Badolo himself has studied how to read the divination patterns, and while he has no interest in telling the future, he uses them almost as maps, to help him structure his dances; “how many times the movement wants to repeat, where the movement has to go,” he says. “It’s like John Cage ‘throwing’ the day,” he adds, referring to Cage and Merce Cunningham’s use of the I Ching to determine the order of sections in a dance, sometimes moments before curtain. (In Badolo’s case, he sets the dances once he’s used the divination technique to help him arrange his movements into a composition.) He references divination in Buudo, BADOO, BADOLO, replacing the sand with rice.
The diviner told Badolo’s great-great grandfather he must travel to another part of the country. There, if the landowner agreed to marry his daughter to Badolo’s ancestor, she would bear him children. He worked the land for five years before asking, and after he asked, the landowner made him wait another two before he decided. In the end, he consented, and the new couple started the family from which Badolo comes. “This is the true story,” he says, adding, “If this didn’t happen, I wouldn’t exist.”
Badolo’s own son was born in the United States, also a long way from where he started. “It’s a really long journey,” he says. “This story is not only about my great-great grandfather. It’s about my grandfather, my dad, myself, my son and my son’s son. All of our family.”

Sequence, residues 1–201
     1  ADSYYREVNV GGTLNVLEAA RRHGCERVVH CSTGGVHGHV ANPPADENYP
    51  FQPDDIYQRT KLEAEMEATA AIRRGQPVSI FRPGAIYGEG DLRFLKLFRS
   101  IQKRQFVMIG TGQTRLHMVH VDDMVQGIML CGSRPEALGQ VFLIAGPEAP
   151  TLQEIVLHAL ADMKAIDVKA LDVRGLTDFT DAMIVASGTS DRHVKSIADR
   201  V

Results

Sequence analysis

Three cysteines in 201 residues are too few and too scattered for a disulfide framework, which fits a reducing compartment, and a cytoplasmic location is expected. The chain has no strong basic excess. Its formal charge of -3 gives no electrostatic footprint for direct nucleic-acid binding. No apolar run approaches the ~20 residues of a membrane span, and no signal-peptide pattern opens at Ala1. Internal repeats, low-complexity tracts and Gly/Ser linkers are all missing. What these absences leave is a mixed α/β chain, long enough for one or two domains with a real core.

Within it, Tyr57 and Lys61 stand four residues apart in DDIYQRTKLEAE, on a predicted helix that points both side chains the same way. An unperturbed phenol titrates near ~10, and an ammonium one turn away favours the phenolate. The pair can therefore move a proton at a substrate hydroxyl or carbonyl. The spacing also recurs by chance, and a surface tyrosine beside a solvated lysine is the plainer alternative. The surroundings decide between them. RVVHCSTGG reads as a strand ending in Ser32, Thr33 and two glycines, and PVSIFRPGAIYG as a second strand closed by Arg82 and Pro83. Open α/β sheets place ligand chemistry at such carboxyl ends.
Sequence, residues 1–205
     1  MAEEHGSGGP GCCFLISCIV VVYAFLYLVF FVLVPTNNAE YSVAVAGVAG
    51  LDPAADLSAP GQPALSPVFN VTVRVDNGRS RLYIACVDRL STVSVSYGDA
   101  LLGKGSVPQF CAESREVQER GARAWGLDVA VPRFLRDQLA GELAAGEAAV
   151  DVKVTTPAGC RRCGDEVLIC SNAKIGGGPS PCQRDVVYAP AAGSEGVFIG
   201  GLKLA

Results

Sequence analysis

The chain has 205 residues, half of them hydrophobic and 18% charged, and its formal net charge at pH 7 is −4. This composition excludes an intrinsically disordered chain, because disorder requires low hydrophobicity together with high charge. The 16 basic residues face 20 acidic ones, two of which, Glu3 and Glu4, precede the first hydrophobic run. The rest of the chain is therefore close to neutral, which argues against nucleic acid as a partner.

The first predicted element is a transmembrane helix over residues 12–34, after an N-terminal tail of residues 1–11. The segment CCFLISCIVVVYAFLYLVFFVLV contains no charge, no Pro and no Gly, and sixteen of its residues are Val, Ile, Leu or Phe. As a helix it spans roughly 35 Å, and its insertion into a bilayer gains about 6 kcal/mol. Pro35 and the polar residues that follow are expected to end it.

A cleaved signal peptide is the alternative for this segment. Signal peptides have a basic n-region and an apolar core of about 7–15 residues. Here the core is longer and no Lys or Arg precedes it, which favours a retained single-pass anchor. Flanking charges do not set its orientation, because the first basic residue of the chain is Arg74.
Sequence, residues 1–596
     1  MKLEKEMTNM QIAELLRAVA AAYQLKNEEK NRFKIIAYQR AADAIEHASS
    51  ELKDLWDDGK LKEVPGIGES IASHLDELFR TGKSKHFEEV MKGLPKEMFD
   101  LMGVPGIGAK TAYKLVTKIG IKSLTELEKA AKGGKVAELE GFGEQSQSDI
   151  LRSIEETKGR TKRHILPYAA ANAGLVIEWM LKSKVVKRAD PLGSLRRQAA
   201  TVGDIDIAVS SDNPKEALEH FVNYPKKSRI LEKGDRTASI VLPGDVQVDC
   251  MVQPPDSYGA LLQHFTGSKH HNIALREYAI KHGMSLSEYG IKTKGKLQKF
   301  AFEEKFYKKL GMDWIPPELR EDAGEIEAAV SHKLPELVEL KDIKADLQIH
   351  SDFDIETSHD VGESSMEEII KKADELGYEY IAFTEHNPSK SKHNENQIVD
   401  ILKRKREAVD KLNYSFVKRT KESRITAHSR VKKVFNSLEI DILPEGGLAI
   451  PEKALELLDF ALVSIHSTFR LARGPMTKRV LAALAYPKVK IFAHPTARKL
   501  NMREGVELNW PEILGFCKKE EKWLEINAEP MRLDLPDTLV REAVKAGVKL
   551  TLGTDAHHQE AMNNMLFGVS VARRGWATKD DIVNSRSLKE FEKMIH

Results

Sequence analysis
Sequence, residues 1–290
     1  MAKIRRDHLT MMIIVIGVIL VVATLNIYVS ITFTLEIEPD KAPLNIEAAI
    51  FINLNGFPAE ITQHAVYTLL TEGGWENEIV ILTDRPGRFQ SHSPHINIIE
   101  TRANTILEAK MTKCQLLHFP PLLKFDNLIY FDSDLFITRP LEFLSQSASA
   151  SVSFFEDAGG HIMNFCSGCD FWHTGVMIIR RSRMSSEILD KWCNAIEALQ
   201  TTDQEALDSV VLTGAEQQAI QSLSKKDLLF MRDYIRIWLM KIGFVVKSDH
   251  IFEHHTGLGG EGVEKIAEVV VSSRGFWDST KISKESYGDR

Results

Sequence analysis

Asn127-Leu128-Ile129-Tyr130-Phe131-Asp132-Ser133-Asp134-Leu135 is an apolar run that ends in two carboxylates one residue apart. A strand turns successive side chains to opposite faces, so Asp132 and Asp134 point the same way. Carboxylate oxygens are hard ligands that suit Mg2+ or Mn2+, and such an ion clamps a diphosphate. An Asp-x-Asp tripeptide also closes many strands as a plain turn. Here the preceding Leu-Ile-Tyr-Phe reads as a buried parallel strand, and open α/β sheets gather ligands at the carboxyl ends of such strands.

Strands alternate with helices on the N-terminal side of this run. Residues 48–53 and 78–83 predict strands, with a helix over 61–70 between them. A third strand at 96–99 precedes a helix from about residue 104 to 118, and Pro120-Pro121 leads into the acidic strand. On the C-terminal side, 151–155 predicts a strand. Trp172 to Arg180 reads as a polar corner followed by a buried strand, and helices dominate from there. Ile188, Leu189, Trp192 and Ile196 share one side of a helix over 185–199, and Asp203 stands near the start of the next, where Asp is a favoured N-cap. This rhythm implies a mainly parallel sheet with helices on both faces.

If by these measures, Badolo’s very existence is remarkable, his life as a dancer is equally so. Many obstacles could easily have prevented him from being where he is today. The first was his desire to educate himself, which conflicted with his first professional work in dance, in a company that
performed many of the more than 72 traditional dances from that same number of ethnic groups that make up Burkina Faso. When faced with the choice between dance and school, school was the clear winner; in the world in which Badolo grew up, dance wasn’t a job. As a teenager, he did it purely for fun. “When you dance people really are so happy, and they give you candy,” he remembers. “When you perform, it’s not about money. When you walk down the street, they say, ah, you know, this boy is a good dancer, he knows how to move. That was my motivation. . . It was not a profession for me.”